Is there any concept of justice in relations between states? Do states remain the dominant actors in the international system with its current profusion of transnational corporations, international organisations, and regional blocs?
Our MA in International Relations is one of the foremost programmes in Britain and Europe for the study of international relations (IR). It will enable you to tackle the big issues facing global decision-makers, from war to poverty, from security to the complexities of environmental degradation, from inequality to the study of global elites. Traditionally, the discipline of international relations has been concerned with issues of war and peace, focused on explaining and understanding the behaviour of states in their relationships with each other in the international states-system. More recently, however, IR has broadened and deepened as a discipline and is now much more than the study of war, peace, and states.
On this MA programme, you will learn the key theoretical approaches in IR from Realism to Postcolonialism, making theory accessible and understandable and equipping you to evaluate theoretical positions in the light of pressing issues in contemporary political life. IR also incorporates within its theories an understanding of the role of a range of other actors besides states including NGOs, private enterprise, and international bodies. You will use this pluralist theoretical framework to study international cooperation, identity politics, global governance, ethics, and civil society.
You will also investigate major questions of contemporary international relations such as:
- After the Cold War, after bipolarity, with the United Nations in its sixth decade, where is the world to look for order?
- Is there any prospect of justice in relations between states?
- Do states remain the dominant actors in the international system with its current profusion of transnational corporations, international organisations, and regional blocs?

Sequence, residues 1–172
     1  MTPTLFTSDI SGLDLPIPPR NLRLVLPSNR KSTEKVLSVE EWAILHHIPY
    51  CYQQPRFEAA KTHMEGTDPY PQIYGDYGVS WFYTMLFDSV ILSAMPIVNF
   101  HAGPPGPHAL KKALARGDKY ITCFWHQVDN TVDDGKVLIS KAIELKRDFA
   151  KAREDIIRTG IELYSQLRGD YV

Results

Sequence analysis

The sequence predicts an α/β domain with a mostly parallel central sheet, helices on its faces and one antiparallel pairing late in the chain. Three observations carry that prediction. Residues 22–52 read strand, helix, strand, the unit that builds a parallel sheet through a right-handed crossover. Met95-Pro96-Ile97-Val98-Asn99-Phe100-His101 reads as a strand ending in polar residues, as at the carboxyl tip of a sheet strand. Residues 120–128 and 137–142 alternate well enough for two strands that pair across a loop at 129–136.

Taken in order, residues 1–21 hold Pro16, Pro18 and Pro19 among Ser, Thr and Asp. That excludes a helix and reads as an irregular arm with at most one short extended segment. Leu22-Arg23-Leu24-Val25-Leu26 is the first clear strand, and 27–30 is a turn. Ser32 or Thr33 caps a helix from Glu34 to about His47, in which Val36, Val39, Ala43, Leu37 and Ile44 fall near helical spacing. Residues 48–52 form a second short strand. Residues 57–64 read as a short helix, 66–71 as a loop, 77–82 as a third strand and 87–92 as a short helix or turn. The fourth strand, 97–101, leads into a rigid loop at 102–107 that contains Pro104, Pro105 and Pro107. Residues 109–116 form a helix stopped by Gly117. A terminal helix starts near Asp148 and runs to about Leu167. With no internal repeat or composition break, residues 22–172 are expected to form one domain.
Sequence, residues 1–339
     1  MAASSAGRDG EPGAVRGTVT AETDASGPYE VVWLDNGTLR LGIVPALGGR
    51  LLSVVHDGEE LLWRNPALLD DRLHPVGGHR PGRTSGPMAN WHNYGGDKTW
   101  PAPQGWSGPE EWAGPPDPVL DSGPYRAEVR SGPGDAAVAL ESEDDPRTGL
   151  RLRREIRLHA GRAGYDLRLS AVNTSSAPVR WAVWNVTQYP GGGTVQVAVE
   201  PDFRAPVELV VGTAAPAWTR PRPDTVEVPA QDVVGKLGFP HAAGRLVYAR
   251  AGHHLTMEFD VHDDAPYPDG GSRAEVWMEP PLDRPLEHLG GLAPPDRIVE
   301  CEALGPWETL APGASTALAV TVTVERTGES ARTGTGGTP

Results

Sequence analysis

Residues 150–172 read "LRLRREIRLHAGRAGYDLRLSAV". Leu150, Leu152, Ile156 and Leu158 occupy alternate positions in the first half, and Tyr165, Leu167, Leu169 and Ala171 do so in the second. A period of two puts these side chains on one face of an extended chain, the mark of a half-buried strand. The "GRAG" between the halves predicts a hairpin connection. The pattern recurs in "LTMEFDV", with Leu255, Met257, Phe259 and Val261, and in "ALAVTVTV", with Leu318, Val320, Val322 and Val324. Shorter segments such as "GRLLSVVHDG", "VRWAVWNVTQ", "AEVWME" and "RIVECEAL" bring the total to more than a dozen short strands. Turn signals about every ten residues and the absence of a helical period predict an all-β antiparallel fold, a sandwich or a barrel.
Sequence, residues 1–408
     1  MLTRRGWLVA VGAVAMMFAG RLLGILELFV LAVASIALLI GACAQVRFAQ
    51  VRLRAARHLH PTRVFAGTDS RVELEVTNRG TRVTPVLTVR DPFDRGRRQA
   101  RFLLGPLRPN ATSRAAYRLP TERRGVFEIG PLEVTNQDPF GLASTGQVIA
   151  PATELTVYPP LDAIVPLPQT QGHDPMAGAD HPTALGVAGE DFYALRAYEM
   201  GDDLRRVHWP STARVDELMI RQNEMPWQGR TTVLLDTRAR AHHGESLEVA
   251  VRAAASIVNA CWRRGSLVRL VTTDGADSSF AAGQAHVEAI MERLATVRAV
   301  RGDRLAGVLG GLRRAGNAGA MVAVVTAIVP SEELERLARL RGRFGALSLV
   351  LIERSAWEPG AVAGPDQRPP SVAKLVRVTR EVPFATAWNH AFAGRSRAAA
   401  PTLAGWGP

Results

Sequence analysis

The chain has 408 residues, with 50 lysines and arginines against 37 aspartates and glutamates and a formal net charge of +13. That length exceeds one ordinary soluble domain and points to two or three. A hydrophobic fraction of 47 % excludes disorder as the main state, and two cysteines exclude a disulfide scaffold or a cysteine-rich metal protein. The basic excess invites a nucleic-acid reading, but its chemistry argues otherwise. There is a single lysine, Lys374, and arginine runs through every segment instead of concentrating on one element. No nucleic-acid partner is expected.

- How will democratisation, economic liberalism, resurgent nationalisms and religious revivals affect world order?
- And, most importantly, how should we think about these questions?
- What are the alternative perspectives to your own?
Those who work at the highest levels in business, government, or the voluntary sector, increasingly need to tackle these issues, and the Masters in International Relations programme offers you the opportunity to do so.
All of our MA programmes are worth 180 CATS (credits) in total. As part of this course, you will be required to take one core module (40 CATS). You then select 40 CATS (normally 2 modules) from our list of specialist modules for this course, and a further 40 CATS from our extensive range of optional modules. If you pass the taught modules, you will move on to the second phase of the MA programme and complete a dissertation of 10,000 words (60 CATS).
The student experience
"As an Ethiopian educated in the United States, coming to the UK and studying here was an intellectual adventure for me. When I came to Warwick to study International Relations MA, I was immersed in a diverse intellectual community, where I continued to broadened my horizon. The diversity here is to be celebrated as it makes Warwick what it is. We learn in an advanced, very high standard educational environment and we socialize in the variety of relaxing venues on campus and off campus; we've got the best of both worlds. The seminars by experts every week have been a great bonus to further our understanding on particular subject matters. For me it was such a privilege to study under the provision of great scholars such as Prof. Peter Burnell.
Among the many great memories I will have for many years to come is attending a class where all of us, about 15, are from 14 different countries. I appreciate Warwick for giving me the world in a classroom, to hear ideas, to interpret the world’s ill in different angle and learn to get rid of my box and think worldly. In our classroom, we all spoke the language of the world and I believe that political leaders of our days can learn something from us- if students from 14 different countries with different identities can sit around a table and agree on issues or the very least learn something from each other then why can’t they."
- Yeabsira Zewde, MA International Relations 2013-14